Though I am at the very beginning of my PhD journey, I am somewhat disturbed by the apparent lack of tenured positions in the US and Western Europe, especially concerning the humanities. All these horror stories about eager graduates looking in vain for years make me wonder how to prepare for my future, apart from publishing vehemently etc. Teaching and research are my passions, and I am willing to make significant sacrifices with regard to my family life and salary expectations in order to stay in academia.

To be more specific, I am willing to move (almost) anywhere if it means I can continue on my chosen career path. In fact, it would probably be beneficial to see the world and interact with different cultures. I am thinking of Eastern Europe, Central Asia and CIS-countries, Southeast Asia and other regions which recently underwent an economic boom; if this also implies an expanding tertiary education, I imagine they may be more interested in hiring Western graduates from older/more reputable universities. Industrialisation and population growth almost necessarily mean a higher enrolment rate and new institutions, and the faculty may consider employing researchers from more distinguished places a valuable marketing tool, at least in the beginning.

According to your experience, is this assumption correct? Is it reasonable to look for academic positions outside the US and Europe? Is the administration more likely to welcome me among their ranks at such places, ceteris paribus? If so, do you have any special advise on the application process or on the difficulties I may encounter? Thank you.

ETA: Just to be clear, I am specifically referring to second- or even third-tier target institutions, not Tokyo University or Peking Uni, though I welcome all suggestions.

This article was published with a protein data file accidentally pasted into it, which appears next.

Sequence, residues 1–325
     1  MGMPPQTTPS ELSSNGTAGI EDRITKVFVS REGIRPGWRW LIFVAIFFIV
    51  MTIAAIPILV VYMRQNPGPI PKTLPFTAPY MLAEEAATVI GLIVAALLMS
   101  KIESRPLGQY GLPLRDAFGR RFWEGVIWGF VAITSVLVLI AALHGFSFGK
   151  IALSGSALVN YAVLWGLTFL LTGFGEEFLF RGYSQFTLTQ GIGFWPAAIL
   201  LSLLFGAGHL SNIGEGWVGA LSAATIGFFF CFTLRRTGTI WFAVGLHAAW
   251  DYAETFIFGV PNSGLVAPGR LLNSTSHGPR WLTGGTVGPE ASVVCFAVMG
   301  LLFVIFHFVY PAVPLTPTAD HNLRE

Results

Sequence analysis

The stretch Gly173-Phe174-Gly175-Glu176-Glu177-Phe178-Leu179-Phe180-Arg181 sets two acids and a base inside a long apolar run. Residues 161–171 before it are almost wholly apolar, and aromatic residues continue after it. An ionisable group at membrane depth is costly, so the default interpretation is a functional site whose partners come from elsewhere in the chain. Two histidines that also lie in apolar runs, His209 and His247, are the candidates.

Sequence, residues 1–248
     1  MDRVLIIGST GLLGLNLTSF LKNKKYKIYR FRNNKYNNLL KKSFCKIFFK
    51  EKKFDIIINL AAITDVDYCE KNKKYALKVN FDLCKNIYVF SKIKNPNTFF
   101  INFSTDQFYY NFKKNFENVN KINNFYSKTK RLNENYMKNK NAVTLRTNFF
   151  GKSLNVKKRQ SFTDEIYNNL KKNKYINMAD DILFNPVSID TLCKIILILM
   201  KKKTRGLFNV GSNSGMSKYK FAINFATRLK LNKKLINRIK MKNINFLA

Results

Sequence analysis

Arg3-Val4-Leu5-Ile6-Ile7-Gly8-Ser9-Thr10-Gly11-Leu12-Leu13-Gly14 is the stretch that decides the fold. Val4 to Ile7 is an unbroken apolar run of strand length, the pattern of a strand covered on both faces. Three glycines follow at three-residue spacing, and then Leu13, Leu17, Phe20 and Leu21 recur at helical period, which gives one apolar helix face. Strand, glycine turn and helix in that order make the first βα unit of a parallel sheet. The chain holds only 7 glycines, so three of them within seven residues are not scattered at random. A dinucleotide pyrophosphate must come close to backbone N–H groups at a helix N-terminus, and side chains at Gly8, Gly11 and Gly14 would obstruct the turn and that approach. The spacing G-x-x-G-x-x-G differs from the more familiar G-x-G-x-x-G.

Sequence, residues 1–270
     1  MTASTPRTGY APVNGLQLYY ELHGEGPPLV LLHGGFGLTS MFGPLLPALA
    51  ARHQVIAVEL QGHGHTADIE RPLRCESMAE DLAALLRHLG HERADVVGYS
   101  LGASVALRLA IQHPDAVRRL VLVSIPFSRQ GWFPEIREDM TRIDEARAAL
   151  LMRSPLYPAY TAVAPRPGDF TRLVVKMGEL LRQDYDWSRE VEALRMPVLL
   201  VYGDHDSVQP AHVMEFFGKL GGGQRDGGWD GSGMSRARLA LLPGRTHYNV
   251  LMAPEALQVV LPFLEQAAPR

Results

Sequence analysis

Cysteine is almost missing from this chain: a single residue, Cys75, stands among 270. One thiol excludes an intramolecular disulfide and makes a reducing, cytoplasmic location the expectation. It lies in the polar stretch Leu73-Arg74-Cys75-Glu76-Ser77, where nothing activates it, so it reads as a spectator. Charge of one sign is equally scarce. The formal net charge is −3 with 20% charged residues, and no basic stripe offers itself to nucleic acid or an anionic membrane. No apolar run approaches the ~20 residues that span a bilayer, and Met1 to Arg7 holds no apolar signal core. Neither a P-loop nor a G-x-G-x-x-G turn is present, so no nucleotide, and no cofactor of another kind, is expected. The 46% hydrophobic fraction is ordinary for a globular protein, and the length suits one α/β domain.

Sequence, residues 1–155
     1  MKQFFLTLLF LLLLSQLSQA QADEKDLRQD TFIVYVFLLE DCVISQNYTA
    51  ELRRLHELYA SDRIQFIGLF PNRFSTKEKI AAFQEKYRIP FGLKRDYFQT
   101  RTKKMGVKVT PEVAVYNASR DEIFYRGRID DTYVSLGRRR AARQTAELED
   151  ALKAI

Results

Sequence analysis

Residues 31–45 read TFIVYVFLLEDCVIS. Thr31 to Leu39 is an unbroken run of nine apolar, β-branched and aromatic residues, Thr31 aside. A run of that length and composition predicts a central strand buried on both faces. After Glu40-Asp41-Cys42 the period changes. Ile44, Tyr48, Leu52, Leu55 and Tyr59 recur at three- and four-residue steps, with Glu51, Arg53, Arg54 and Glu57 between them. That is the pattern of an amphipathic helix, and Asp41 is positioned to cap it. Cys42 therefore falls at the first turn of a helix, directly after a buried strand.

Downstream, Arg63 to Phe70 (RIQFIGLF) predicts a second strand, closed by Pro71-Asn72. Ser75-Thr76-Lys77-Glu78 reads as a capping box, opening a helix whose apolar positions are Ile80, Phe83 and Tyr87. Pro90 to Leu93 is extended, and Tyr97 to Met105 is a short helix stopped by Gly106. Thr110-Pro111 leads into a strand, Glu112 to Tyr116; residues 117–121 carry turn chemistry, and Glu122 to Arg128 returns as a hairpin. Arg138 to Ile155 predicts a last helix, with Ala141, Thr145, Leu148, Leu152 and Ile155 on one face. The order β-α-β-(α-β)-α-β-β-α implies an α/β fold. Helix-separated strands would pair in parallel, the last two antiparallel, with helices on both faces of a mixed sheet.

I have no firsthand experience on this, but based on what my friend told me and some educated guesses:

  • It's probably easier to find a job as a professor in these developing countries. My friend said that the qualifications as a postdoc in Singapore are sufficient to qualify as a full professor in Malaysia (both countries are in SEA, but Singapore is developed while Malaysia is developing).
  • Expect lower living standards. Again using Malaysia vs. Singapore as an example, you get a lot of conveniences in Singapore such as better lecture theaters, top-notch internet, nicer offices, and so on. This extends outside of academia: factors such as public transport, crime rate, and salary are all better in Singapore. On the flip side, Malaysia is generally cheaper, especially if you want to own a car.
  • Expect weaker students. Unfortunate but true, because all the best students leave for better universities elsewhere.
  • Expect less resources. You won't get as much money to create grand research plans, and the country might not be able to join big collaborations like the Large Hadron Collider. You might also have fewer opportunities to attend conferences or to meet other researchers (e.g. by visiting or have them visit).
  • Expect a significant cultural gap. These countries don't usually have English as a primary language. Some people might still speak it, but they are usually more comfortable with another language, and you might e.g. have students ask you about something, you explain it, and then they discuss your answer with each other in your presence in a language you don't understand. There are other cultural things such as how much responsibility a professor should have over his or her students (for example, Yoshiki Sakai committed suicide over the academic misconduct of his student even though he was cleared of misconduct). You can work around this, but it'll take time.
  • Finally, don't forget that your choices will affect your family as well. Finding a suitable school for your children, for example, can be a problem.

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